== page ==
The Food and Drug Administration authorized the first injectable monoclonal antibody cocktail for long-term prevention of Covid-19 among people with weakened immune systems before they have been exposed to the coronavirus.
The FDA issued an emergency use authorization Wednesday for AstraZeneca's antibody cocktail, Evusheld, for what is known as pre-exposure prophylaxis, or PrEP, against Covid-19.
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To date, such laboratory-produced antibodies have been authorized only as early treatment of Covid-19 or as preventive therapy for high-risk people immediately after close contact with someone who has tested positive.
Evusheld can be used as PrEP by people ages 12 and older who are moderately to severely immunocompromised and may not get adequate immune responses from a Covid vaccine. The therapy is also an option for the rare people who have histories of severe adverse reactions to a Covid vaccine or its components.
The AstraZeneca therapy involves getting preventive injections as often as every six months. According to a large placebo-controlled clinical trial, the cocktail is about 83 percent effective at preventing symptomatic disease during such an interval.
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It's unclear how the highly mutated omicron variant of the coronavirus — which is spreading in 57 countries, including the U.S.— might affect the efficacy of the monoclonal antibody therapy.
AstraZeneca's scientists are testing Evusheld against the new variant, said Ruud Dobber, an executive vice president and president of the company's BioPharmaceuticals Business Unit. They are optimistic about its efficacy against the omicron variant because both of the antibodies in the cocktail, tixagevimab and cilgavimab, target the virus's spike protein in different and complementary ways.
Data are expected in the coming weeks, Dobber said in a statement.
Still, for many of the estimated 3 percent of U.S. adults who are immunocompromised, the long-awaited news that antibody PrEP has finally been cleared should bring profound relief.
"This new FDA authorization is a very important development for those with immunosuppression," said Dr. Alfred Kim, a rheumatologist at Washington University in St. Louis.
Evusheld as PrEP, he said, "provides a healthy load of antibodies for the 40 percent to 80 percent of the immunosuppressed who have very poor antibody responses following SARS-CoV-2 vaccination."
Immunosuppression is associated with a much higher risk of breakthrough coronavirus infections and severe Covid. Even after vaccination, many people — including transplant recipients and those treated for cancer or autoimmune conditions — have had to remain under lonesome lockdowns to protect themselves against Covid.
Janet Handal, 70, a transplant recipient from New York City, manages a Facebook patient advocacy group for fellow immunocompromised people that has nearly 900 members. Handal, hoping Evusheld will prove potent against the omicron variant, said PrEP will be transformative for her group's members.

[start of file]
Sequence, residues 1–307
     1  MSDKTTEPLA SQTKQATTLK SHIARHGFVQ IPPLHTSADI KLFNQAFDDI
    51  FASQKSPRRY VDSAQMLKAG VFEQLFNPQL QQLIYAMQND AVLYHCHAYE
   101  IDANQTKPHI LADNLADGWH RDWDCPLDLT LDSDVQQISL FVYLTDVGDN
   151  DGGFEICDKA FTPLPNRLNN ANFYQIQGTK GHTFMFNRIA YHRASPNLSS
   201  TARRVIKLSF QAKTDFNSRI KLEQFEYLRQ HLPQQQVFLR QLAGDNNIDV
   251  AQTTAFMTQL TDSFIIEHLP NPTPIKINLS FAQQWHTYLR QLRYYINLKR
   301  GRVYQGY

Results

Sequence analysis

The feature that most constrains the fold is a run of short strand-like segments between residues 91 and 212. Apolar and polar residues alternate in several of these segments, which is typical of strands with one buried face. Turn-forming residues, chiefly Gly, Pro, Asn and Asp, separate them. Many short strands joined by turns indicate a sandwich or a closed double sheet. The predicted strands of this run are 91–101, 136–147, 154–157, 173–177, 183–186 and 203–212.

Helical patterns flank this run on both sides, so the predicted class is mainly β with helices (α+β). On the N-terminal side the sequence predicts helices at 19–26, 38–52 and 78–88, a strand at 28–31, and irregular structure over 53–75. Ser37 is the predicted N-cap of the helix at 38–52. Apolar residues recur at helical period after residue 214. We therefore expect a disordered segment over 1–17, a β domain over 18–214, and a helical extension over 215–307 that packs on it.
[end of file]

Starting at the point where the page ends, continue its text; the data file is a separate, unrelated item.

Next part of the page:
"We can rejoin life. We can rejoin our families. We can hug someone without fear," she said.
Lucy Horton, an infectious disease specialist at the University of California, San Diego, said that Evusheld as PrEP can provide an additional layer of protection for the vaccinated and vulnerable but that it "should not be viewed as an alternative to or replacement of vaccine."
PrEP candidates must test negative for the coronavirus. They also must not have had known recent exposures to infected people.
In the major clinical trial of Evusheld as PrEP, which has not yet been peer-reviewed, nearly 5,200 initially unvaccinated participants in the U.S. and Western Europe were randomized 2-to-1 to receive a single injection of Evusheld or a placebo. After a median six months of follow-up, the antibody injection had reduced the risk of symptomatic Covid-19 by 83 percent compared to the placebo, AstraZeneca said.
There have been no cases of severe Covid-19 or death related to the disease among those who got the antibody injection, compared to five severe cases and two such deaths in the placebo group.
The study participants are scheduled for 15 months of follow-up.
Seventy-five percent of the participants had health conditions that put them at risk of severe Covid, such as diabetes or obesity. Although only 3 percent were immunocompromised, experts have still expressed confidence that Evusheld as PrEP should be safe and no less effective among such people.
The federal government has an agreement with AstraZeneca to buy 700,000 doses of Evusheld, which will be available at no cost to eligible patients. The first doses should be available "very soon," with all doses delivered in a few months, Dobber said.
While the drug is free to patients, health care facilities may charge to administer it, so people could still incur some out-of-pocket costs.